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ADA Technical Report No. 1029—Digital Photography: 2004 (Reaffirmed 2009)


The focus of this Technical Report is to provide basic information on the use of digital photography in dentistry and to help facilitate: 1). The appropriate selection of the necessary equipment; 2). Consistent communication between concerned parties with and interoperability of digital images and the information the contained therein. The information provided will address the digital imaging needs of the various dental specialties, the general dental practitioner, other health care providers, the patient and any interested third parties such as insurance carriers, prosthetic and pathology laboratories. These discussions take into consideration the interoperability requirements to insure proper identification, exporting and importing of the image and database management of the image. To capture a quality digital image is not enough- the image has to have proper and standardized labeling of what it contains (the structures that are visible in the image) and the necessary DICOM descriptors of what, how and when it was captured.

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ADA Technical Report No. 1031—Internet Security Issues for Dental Information Systems: 2004 (Reaffirmed 2010)

The Scope of this Technical Report is to create security awareness and education for the dental practitioner associated with a connection to the Internet. The Internet has proven to be an effective means of communication, yet its vulnerability to interception raises issues of privacy, authentication and integrity of the communicated message. Therefore, data security is of utmost importance to users of dental information systems

Because of the personal and private nature of health record, the dental practitioner needs to understand the security issues associated with "data at rest" and "data in transit." This paper is intended to explain security concepts and the risks associated with the maintenance of data in storage and transit, and over an Internet connection.

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ANSI/ADA Standard No. 1039—Standard Clinical Conceptual Data Model: 2006

The purpose of this document is to develop and present a shared understanding of the structure and content of data needed to support healthcare processes. This conceptual model forms the foundation for more detailed data representations in clinical information and the structure and content of data presented in the various types of electronic health and patient records.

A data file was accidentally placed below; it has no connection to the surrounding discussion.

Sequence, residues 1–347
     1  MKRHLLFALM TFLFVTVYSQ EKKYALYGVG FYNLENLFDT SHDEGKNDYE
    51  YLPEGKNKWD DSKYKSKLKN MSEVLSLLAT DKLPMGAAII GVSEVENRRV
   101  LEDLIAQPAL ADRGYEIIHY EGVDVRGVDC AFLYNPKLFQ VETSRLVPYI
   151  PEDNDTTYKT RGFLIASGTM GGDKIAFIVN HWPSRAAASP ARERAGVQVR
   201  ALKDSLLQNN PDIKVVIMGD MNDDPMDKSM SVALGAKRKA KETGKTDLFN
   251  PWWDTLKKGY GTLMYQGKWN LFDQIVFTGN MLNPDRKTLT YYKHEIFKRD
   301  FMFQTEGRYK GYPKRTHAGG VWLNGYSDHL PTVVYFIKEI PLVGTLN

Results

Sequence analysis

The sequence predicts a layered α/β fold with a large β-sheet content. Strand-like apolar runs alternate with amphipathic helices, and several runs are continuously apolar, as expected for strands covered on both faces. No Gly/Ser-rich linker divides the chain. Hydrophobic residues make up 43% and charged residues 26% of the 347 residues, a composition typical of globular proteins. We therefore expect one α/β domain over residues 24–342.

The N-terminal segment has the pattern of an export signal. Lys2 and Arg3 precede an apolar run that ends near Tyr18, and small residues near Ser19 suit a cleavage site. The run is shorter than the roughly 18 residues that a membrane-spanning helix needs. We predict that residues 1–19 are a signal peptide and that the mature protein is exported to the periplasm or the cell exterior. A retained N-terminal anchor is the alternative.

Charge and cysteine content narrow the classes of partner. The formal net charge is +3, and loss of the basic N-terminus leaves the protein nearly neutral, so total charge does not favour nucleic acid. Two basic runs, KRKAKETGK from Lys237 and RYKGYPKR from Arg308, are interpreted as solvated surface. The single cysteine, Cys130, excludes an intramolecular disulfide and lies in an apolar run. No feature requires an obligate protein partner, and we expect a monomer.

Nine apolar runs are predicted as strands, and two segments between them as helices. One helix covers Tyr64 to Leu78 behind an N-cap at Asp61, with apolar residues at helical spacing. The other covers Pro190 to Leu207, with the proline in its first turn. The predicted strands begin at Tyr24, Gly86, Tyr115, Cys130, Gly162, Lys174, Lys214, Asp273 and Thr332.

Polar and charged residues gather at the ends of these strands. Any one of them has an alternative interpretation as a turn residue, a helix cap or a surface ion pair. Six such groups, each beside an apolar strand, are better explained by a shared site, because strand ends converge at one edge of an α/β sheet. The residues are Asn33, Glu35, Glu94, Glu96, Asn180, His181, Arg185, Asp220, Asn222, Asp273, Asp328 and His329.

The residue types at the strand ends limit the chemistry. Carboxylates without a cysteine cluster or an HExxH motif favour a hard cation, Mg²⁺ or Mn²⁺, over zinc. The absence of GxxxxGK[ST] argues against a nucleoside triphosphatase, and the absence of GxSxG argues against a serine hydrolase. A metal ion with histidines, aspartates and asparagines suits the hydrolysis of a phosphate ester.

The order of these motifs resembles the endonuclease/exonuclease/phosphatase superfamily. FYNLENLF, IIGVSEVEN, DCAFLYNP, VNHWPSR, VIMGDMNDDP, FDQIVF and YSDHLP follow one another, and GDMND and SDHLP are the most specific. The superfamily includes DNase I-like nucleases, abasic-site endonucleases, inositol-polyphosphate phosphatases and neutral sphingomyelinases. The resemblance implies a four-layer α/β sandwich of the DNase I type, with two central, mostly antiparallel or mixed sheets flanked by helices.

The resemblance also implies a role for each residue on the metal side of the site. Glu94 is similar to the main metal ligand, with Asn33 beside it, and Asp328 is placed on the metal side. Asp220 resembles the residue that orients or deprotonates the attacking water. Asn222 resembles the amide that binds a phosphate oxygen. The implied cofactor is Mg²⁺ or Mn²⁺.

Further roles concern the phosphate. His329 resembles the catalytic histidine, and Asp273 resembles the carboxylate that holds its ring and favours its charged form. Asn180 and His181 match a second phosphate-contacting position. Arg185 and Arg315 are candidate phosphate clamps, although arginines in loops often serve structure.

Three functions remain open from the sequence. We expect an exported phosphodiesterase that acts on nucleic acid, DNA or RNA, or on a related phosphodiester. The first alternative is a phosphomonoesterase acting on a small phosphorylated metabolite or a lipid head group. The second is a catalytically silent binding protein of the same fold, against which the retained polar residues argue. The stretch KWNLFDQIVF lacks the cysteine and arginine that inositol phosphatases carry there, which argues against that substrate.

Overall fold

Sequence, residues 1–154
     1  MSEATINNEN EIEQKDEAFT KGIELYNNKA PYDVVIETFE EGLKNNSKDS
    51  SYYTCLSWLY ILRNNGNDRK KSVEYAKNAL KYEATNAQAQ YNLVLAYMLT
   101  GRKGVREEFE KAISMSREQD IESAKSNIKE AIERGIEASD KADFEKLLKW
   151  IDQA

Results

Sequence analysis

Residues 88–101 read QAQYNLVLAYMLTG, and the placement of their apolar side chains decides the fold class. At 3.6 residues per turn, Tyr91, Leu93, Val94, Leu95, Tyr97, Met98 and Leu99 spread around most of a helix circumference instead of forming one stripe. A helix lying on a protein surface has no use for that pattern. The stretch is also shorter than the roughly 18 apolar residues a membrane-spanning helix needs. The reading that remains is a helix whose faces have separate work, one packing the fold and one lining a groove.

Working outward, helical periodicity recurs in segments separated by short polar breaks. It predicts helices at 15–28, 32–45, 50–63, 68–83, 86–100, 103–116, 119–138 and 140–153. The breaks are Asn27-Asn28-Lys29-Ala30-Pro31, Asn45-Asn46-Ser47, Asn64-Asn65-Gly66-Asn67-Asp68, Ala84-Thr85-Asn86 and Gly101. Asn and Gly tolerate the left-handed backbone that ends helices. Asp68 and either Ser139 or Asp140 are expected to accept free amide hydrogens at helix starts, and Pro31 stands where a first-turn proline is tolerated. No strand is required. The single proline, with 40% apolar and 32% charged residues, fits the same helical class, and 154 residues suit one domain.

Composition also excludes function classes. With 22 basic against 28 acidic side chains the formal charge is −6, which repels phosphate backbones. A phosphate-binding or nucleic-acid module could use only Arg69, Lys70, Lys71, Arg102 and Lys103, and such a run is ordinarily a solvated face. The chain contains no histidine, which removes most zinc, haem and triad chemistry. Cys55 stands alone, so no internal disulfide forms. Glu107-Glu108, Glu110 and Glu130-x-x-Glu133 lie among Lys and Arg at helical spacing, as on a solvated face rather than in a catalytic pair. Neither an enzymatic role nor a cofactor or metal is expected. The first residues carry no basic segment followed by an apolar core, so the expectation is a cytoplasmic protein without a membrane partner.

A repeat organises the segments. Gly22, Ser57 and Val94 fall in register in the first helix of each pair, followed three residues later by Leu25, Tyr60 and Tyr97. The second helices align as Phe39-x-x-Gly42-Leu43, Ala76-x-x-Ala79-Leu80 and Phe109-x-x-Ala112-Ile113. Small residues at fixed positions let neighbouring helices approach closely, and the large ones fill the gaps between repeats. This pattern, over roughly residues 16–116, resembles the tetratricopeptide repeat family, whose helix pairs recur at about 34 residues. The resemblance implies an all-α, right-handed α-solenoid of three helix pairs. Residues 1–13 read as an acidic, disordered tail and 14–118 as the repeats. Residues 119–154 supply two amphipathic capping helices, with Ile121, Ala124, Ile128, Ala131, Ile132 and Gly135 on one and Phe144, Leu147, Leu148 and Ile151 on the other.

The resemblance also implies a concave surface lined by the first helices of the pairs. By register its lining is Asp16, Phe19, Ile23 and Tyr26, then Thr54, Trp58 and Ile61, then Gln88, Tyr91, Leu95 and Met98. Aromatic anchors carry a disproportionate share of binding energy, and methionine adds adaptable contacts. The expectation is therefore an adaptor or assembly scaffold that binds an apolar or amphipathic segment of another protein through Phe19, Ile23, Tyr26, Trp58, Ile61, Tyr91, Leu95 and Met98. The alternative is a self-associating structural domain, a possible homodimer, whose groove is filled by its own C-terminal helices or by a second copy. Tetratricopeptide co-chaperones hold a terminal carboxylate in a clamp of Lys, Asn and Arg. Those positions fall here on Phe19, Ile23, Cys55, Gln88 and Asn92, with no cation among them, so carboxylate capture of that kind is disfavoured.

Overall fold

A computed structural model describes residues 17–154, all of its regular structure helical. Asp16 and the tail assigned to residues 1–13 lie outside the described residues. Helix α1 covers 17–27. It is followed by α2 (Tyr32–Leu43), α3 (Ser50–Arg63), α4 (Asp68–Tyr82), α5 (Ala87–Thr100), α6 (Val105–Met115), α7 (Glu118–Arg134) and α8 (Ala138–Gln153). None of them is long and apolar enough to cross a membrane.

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ANSI/ADA Standard No. 1040—Dental Extension to the ASTM Continuity of Care Record: 2008

The Continuity of Care Record (CCR) is a core data set of the most relevant administrative, demographic, and clinical information facts about a patient’s healthcare, covering one or more healthcare encounters. It provides a means for one healthcare practitioner, system, or setting to aggregate all of the pertinent data about a patient and forward it to another practitioner, system, or setting to support the continuity of care. The Dental Extension to the CCR is organized into three major sections, the Header; the Body; and the Footer. Each section conforms to the same sections of the Medical CCR. This is intentional because exchange of data between health care entities that include other than dental providers is facilitated by this similarity of architecture.

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ADA Technical Report No. 1041—Content of Electronic Laboratory Prescriptions: 2006 (Reaffirmed 2009)

The scope of this technical report is to present the types of data and electronic format necessary to create an electronic dental laboratory prescription. Another goal of this report is to create security awareness and education for the dental practitioner associated with electronic dissemination of patient information offsite to the outsourced dental laboratory.

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ANSI/ADA Standard No. 1047—Standard Content of an Electronic Periodontal Attachment: 2010

The purpose of this standard is to develop uniform content requirements for documentation to be included in an electronic periodontal attachment. An attachment is separate from the original claim submission transaction. Attachment documentation specified in this standard will enable claims adjudication for various periodontal procedures.

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ADA Technical Report No. 1048Attachment of DICOM Datasets Using E-mail in Dentistry: 2011

This report provides a technical standard based on the DICOM (Digital Imaging and Communications in Medicine) version 3 Standard as it applies to dentistry with the goal of increasing interoperability between practitioners. In particular, this report highlights the benefits of the ZIP File over E-mail Interchange Profiles of the DICOM Standard for dentists or specialists who don't share the same image data repository, but need to exchange patient data in a fast and secure manner.

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ADA Technical Report No. 1051—Implementation Guidelines for DICOM in Institutional Dentistry: 2009